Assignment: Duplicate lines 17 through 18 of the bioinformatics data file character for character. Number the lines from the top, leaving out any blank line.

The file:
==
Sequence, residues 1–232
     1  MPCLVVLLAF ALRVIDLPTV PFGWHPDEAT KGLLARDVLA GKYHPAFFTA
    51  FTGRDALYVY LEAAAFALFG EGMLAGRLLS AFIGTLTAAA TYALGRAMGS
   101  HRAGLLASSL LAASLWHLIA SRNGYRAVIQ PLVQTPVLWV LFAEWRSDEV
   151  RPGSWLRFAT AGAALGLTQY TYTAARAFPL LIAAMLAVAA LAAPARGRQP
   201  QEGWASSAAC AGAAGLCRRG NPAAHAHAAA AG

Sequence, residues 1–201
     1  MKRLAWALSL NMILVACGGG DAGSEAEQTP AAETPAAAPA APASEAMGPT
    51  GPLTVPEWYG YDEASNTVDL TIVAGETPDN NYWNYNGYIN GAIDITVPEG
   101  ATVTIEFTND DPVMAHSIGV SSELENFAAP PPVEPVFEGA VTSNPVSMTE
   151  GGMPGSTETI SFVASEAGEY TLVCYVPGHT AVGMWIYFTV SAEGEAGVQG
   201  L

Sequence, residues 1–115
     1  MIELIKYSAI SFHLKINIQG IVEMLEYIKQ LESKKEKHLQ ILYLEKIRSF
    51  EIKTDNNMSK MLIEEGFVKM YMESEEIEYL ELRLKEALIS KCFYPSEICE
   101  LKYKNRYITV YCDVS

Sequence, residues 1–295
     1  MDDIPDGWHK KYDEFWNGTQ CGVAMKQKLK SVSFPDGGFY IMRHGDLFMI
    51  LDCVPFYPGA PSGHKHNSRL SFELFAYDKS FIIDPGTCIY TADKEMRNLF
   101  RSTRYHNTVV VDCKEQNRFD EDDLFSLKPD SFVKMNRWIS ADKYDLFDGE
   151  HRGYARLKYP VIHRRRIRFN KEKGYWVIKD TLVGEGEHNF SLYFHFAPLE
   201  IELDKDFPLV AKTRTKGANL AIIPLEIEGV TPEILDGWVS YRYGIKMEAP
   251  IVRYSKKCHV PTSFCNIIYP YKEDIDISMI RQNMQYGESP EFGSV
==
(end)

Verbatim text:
Sequence, residues 1–295
     1  MDDIPDGWHK KYDEFWNGTQ CGVAMKQKLK SVSFPDGGFY IMRHGDLFMI